Expert Warns Consumers: Beware of Inaccurate and Misleading Reverse Mortgage Articles

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Valerie VanBooven RN, BSN, PGCM, long-term care and reverse mortgage expert warns that many recent articles, such as those posted on Bankrate.com and in the Wall Street Journal contain misleading information, and leave out important facts about this federally regulated program. According to VanBooven, the so-called "experts" who are interviewed for quotes often have no involvement in the mortgage industry and do not understand the federal law that regulates these loans.

Reverse mortgages, also called Home Equity Conversion Mortgages, have gained popularity over the last few years, and as a result, have gained more media attention. Valerie VanBooven RN, BSN, PGCM, long-term care and reverse mortgage expert warns that many recent articles, such as those posted on Bankrate.com and in the Wall Street Journal contain misleading information, and leave out important facts about this federally regulated program.

"Some of the most important aspects of reverse mortgages are their ability to help seniors in crisis. A reverse mortgage can off-set the astronomical expense of long-term care, and can keep people off of Medicaid for longer periods of time, " states VanBooven.

Some use the equity for long-term care needs, to pay bills, pay off existing mortgages or debt, pay for prescription drug costs, home improvements, home modifications, or to simply be able to enjoy life a little more by traveling and enhancing their retirement cash flow. Many seniors use reverse mortgages to pay high property tax bills, and have even been saved from foreclosure and bankruptcy because they applied for a reverse mortgage.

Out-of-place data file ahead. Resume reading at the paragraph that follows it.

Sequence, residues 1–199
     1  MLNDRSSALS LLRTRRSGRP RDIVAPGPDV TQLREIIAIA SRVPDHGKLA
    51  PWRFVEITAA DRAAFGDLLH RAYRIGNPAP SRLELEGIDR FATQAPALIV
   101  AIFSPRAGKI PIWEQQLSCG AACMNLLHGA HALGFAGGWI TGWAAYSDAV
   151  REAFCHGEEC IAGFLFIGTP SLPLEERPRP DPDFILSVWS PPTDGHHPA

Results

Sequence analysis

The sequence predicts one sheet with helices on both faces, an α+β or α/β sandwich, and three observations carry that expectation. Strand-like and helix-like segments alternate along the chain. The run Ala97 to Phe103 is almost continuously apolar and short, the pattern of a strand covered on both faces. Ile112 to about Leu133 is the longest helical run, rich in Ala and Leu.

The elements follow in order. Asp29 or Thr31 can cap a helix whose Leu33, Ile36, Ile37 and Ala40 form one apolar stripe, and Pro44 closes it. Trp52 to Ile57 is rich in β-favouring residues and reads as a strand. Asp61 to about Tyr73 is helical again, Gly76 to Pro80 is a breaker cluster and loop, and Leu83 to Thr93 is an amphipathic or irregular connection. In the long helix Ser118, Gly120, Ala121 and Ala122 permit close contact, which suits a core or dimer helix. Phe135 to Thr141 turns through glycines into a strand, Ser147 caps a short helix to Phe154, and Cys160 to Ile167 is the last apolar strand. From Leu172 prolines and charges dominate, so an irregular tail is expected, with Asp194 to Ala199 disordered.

Other seniors use reverse mortgage proceeds to fund advanced estate planning techniques. This includes increasing the value of their estate through life insurance purchases, planning ahead for future long-term care needs, assisting grandchildren with college funding, making charitable donations, and to convert IRA funds to Roth IRA funds, just to name a few.

Valerie VanBooven RN, BSN, PGCM (http://www.theltcexpert.com) warns that many newspaper, TV, radio and internet articles circulating in the media give inaccurate and misleading information about reverse mortgages. According to VanBooven, the so-called "experts" who are interviewed for quotes often have no involvement in the mortgage industry and do not understand the federal law that regulates these loans.

"The media attracts more readers, viewers, and listeners when they can spin an article or report to make it more exciting, scary, or dramatic. I would encourage each person considering a reverse mortgage to educate themselves through reputable websites and information, talk with a professional, and then make an appropriate decision. Consumers are able to make informed decisions when armed with the facts," says VanBooven.

Some websites to review include http://www.reversemortgage.org , and http://www.fanniemae.com .

Each consumer should make it his or her own responsibility to talk with an expert. Valerie VanBooven has written a tip and fact sheet that addresses all of the myths and misconceptions regarding reverse mortgages. You can find all of the information needed by visiting Valerie's blogs at http://www.seniorserviceselling.com or http://www.theltcexpert.com/site/371/valeries_blog.aspx

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VALERIE VANBOOVEN RN, BSN, PGCM
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